FutureGrid allows you to easily create a project and use FG resources. All you need to do is to create a portal account and apply for a project. Detailed information is provided in the section Project and Account Management.

1.3. Services

Currently, FutureGrid provides a number of different services. However, not all services are offerd on all of the FG resources. To find out how the machines are used please see the Section Status. The following services are most popular with our users

OpenStack is a collection of open source components to deliver public and private clouds. These components currently include OpenStack Compute (called Nova), OpenStack Object Storage (called Swift), and OpenStack Image Service (called Glance). OpenStack is a new effort that has received considerable momentum due to its openness and the support from companies. Users can find more details in the section s-openstack-havana.
Nimbus is an open-source service package that allows users to run virtual machines on FutureGrid hardware. You can easily upload your own VM image or customize an image provided by us. When you boot a VM, it is assigned a public IP address (and/or an optional private address); you are authorized to log in as root via SSH. You can then run services, perform computations, and configure the system as desired. After using and configuring the VM, you can save the modified VM image back to the Nimbus image repository. Users can find more details in the section s-nimbus.
Eucalyptus is an open-source software platform that implements IaaS-style cloud computing. Eucalyptus provides Amazon Web Services (AWS) that are compliant with EC2-based web service interface for interacting with the Cloud service. Eucalyptus also provides services such as the AWS-compliant Walrus and a user interface for managing users and images. Users can find more details in the section Eucalyptus
High Performance Computing:
High Performance Computing can be defined as the application of supercomputing techniques to solve computational problems that are too large for standard computers or would take too much time. This is one of the more important features that the scientific community needs to achieve their projects. Thus, FutureGrid provides users the possibility of executing their parallel applications or using scientific software. A guide to accessing HPC services can be found in the section HPC Services.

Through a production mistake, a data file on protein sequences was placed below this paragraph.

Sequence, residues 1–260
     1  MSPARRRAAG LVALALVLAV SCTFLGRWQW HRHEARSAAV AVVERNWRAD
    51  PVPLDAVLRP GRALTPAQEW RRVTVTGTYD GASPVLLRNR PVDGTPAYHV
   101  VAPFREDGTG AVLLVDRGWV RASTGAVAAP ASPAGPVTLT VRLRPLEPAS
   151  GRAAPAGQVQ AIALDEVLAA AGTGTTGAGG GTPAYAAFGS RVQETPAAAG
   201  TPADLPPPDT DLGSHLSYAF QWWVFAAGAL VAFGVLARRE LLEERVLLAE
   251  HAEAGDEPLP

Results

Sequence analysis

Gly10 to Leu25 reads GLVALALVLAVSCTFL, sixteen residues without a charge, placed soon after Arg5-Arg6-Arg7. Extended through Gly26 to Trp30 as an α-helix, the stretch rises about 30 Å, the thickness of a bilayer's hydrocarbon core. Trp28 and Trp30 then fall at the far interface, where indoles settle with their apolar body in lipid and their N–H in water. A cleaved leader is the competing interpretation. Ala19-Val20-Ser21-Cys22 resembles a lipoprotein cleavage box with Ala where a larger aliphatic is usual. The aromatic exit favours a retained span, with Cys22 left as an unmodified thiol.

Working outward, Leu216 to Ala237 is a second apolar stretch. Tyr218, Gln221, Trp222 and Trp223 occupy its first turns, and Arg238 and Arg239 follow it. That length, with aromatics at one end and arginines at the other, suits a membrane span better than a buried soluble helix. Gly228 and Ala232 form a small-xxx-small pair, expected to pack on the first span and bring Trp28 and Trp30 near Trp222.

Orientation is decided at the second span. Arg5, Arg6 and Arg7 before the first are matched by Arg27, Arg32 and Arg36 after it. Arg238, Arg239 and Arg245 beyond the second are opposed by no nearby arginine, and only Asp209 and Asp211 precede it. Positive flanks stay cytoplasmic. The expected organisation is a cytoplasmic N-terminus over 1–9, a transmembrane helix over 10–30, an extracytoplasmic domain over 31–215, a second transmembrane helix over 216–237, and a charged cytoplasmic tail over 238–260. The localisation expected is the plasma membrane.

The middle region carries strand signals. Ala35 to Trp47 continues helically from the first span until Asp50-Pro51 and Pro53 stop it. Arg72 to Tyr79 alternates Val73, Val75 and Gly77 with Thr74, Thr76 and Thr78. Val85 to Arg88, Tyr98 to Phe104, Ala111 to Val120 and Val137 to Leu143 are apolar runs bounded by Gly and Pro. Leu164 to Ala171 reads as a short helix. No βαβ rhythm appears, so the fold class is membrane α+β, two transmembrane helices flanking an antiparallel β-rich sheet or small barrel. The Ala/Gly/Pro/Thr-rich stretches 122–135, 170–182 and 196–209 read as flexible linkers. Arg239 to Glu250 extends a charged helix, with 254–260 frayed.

Users can find different storage systems to cover a wide number of purposes. In the section Storage Services, users can find the information needed to get access and learn the usage. A summary of the external storage systems available can be found at HPC Services.
Information Services:
These services gather the information of the different elements that make up FutureGrid to provide accurate and complete knowledge of the computational environment. This information is presented using different web portals in our section about the FutureGrid Status.

1.4. Hardware

FutureGrid includes a geographically distributed set of heterogeneous computing systems, data management systems, and dedicated networks. These resources are provided by different institutions across the United States. Detailed information on the different sites can be found in the section Hardware.

1.5. Support

We have the following activities that help you with FutureGrid.


The best place to start obtaining information about FutureGrid is this expanding Manual.

In case you have a useful contribution, you can simply comment on each page, or if you like to create a chapter to be included, please

Community pages can also be used to report on elaborate experiment results. Once you are done with your contribution, please

to us so we can make it more prominently visible in the portal.

User Forum:

Based on advice from other projects we have established a number of

To post to the forum, you must create a portal account.

Help Ticketing System:

To create a ticket for FutureGrid support, please use our

in which you describe problems like feature request, or bug report. A ticket will be automatically generated and you’ll receive an auto-reply mail with the ticket number for further reference. FutureGrid staff will look into the ticket and work on it. You will receive updates and verdicts via email, upon the completion of the investigation. Please be aware that feedback may not be instantaneous. Tickets you have submitted can be viewed in your